Scott Monument – What to see in Edinburgh?
Remarkable gothic-style monument 61 meters high, built in honor of the writer and poet Walter Scott. The monument is located on Princes Street and makes quite an impression, it is also a very nice object to photograph.
Grassmarket – What to see in Edinburgh?
Grassmarket is a square with the surrounding streets located in the historic part of the old town. The Grassmarket area is considered to be the most picturesque part of the old town. In the past, the square served as a marketplace, and there is also a dark part of its history – Grassmarket was also a place of public executions. The name comes from the cereals (including corn) that were sold at the square by farmers.
On the Grassmarket there is a historic pub called The Last Drop, which according to legends was the place where the inmates were served their last drink before they died. Its current interior strongly refers to history, in many places ropes hung like on gallows.
Another pub with an interesting history is Maggie Dickinson. The character in the name was a woman who was hanged, and after placing her in a coffin, it turned out that … she was still alive, so she was allowed to live and since then was called “a half-hanged woman”. From what we understood, Maggie worked in a pub (we do not know if it is specifically the one that is now named after her), got pregnant with the owner’s son, and, in order to avoid trouble, she tossed the child in a basket by the river. However, the authorities quickly caught on to her and Maggie was sentenced to death for her act.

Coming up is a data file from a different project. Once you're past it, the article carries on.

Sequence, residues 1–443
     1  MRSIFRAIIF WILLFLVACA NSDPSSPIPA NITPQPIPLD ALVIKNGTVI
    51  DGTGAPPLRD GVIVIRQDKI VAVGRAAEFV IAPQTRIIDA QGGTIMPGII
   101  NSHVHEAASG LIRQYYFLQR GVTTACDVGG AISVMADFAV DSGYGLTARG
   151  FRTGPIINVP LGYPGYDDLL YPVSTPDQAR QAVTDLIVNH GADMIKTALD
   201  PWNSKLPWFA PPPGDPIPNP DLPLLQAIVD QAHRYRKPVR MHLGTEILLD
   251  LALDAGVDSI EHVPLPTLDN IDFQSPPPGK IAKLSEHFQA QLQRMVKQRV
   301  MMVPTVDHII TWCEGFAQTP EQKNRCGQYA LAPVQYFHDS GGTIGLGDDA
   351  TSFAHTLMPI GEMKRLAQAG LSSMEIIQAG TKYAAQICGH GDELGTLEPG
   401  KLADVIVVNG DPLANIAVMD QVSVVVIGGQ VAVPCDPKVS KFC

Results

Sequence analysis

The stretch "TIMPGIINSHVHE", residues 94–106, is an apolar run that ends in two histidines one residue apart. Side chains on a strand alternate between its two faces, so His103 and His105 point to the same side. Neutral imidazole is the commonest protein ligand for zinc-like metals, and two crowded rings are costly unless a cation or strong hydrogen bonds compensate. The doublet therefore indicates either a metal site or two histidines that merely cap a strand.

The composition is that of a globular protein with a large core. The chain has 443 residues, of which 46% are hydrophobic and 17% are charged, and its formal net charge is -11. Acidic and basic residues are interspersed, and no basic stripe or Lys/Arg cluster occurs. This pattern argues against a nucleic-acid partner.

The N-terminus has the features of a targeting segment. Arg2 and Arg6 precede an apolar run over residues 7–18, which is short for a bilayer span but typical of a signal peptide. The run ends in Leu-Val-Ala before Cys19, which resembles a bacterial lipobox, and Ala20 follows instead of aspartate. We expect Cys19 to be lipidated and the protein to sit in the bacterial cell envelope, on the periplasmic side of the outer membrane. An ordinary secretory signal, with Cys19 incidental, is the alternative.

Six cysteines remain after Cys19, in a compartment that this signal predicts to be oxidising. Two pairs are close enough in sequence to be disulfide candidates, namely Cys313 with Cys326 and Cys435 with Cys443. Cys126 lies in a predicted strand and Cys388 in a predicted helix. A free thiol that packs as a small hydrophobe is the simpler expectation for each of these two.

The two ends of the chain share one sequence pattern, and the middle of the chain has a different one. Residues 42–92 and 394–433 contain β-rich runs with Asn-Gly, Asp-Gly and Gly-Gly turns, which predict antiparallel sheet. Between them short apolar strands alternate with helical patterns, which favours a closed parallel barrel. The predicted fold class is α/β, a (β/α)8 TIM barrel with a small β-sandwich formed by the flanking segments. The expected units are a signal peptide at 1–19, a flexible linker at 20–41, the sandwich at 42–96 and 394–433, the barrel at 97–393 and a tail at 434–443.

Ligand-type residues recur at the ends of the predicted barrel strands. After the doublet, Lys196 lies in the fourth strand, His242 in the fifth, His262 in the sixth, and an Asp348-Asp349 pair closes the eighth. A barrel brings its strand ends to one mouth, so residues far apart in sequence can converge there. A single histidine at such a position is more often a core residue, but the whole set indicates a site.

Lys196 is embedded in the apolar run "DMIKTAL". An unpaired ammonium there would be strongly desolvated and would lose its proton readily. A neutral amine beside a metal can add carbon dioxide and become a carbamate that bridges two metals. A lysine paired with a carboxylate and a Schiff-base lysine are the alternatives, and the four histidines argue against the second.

The Vennel – What to see in Edinburgh?
The Vennel is one of the many steep stairs in the old town. However, they stand out with the best view of Edinburgh Castle, if you are looking for the best photo spot of the castle, you’ve just found it.
Victoria Street – What to see in Edinburgh?
Victoria Street is a picturesque, literally two-story street full of colorful sites. The first level is paved and “street level”, on this level there are shops, pubs and restaurants with windows painted in different, vivid colors. The second level is a gallery leading above the shops where tenement houses in a characteristic Edinburgh, dirty brown-gray color stand tall. Victoria Street is one of the most visited places in Edinburgh and it does not surprise us at all, it is so photogenic there that you can stay there for hours!
Advocates Close – What to see in Edinburgh?
As we have already mentioned, Edinburgh is full of stairs, narrow streets and lanes. The alleys are called “Close”, it can be said that they were the beginnings of gated communities. Walking down the main street of the Royal Mile, you can notice arched passages / gates in densely developed tenement houses, it is “Close”, which led through a narrow passage to the courtyards on the other side.
Close was usually called after the name of the most distinguished resident or profession / business run by one or a group of residents. The Edinburgh Close is a wide topic, you could visit it for hours and discover more of the fascinating stories associated with it. If you don’t have that much time, go to Advocates Close, an alley from which you can see the Scott Monument in the distance, a great place for an interesting shot!